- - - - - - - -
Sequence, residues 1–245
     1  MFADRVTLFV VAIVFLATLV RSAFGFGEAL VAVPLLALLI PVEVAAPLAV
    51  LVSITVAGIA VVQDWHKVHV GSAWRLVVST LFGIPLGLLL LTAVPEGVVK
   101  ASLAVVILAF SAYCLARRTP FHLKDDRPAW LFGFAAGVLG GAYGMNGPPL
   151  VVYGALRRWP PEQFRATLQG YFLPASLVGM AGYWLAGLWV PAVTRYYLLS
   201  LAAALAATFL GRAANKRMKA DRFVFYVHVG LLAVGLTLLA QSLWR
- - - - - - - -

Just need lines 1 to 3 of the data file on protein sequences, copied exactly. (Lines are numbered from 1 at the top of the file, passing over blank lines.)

Sequence, residues 1–245
     1  MFADRVTLFV VAIVFLATLV RSAFGFGEAL VAVPLLALLI PVEVAAPLAV
    51  LVSITVAGIA VVQDWHKVHV GSAWRLVVST LFGIPLGLLL LTAVPEGVVK